The United Nations Development Program announced that today, Monday, insurance coverage has been arranged for the process of unloading the dilapidated “Safer” oil tank off Yemen.
The program described this in a statement as “a pivotal step to start the ship-to-ship transfer process” as part of a United Nations-led effort aimed at preventing the leakage of 1.14 million barrels of crude into the Red Sea.
The United Nations had announced in a press conference at the end of last May the details of the arrival of a support ship to start the process of transferring oil from the tanker “Safer” – anchored off the coast of Yemen on the Red Sea – to another ship.
The director of the United Nations Development Program said during the conference that the total cost of the two-stage operation is estimated at $142 million to secure the transfer of oil to another ship called “Nautica”.
The Safer is a worn-out oil tanker carrying 1.1 million barrels of oil (more than 140,000 tons) on board. It is moored 6 miles from the Yemeni coast, and an explosion or leakage from the oil tanker may cause one of the most serious oil spill disasters in history. According to a study conducted by Greenpeace laboratories.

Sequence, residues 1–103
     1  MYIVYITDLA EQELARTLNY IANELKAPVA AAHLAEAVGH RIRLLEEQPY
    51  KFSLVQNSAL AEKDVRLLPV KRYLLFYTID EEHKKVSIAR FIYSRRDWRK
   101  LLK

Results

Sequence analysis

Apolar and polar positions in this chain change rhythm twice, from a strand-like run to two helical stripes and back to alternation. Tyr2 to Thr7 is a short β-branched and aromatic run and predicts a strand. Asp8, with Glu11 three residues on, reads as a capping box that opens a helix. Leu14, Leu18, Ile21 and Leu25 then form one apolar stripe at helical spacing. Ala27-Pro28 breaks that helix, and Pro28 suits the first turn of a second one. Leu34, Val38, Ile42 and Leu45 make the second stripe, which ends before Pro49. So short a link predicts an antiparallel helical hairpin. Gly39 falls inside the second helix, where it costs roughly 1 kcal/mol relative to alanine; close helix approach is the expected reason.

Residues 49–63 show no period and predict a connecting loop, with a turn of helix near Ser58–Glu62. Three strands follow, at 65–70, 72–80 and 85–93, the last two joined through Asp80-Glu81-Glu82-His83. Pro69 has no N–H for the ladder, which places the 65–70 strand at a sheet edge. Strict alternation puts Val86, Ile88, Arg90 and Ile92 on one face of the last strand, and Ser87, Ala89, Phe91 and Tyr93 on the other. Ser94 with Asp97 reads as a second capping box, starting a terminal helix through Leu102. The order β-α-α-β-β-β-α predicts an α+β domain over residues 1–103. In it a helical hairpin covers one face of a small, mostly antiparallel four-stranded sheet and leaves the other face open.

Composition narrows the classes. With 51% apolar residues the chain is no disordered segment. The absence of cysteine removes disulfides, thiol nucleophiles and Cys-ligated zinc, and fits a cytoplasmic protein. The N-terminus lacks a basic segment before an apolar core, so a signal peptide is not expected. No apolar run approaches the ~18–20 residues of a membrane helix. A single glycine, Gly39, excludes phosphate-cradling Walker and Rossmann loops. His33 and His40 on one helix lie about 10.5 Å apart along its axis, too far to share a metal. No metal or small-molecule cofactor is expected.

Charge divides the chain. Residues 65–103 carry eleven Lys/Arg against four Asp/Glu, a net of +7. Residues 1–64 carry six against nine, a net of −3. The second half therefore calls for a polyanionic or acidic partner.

The Safer oil spill, if it occurs, will destroy coral reefs, coastal mangroves and other marine life in the Red Sea, and expose millions of people to air pollution. The impact of the spill on coastal communities will also be devastating, as hundreds of thousands of fishermen will lose their livelihoods overnight. It will take more than 25 years to recover fish stocks.
According to the Dutch company, “Smith Salvage”, which is implementing the plan to save the Safer reservoir, which is led by the United Nations, it will begin the stage of work to install the new tanker and transport crude oil from “Safer” during the months of June and July, and the process may extend until mid-August.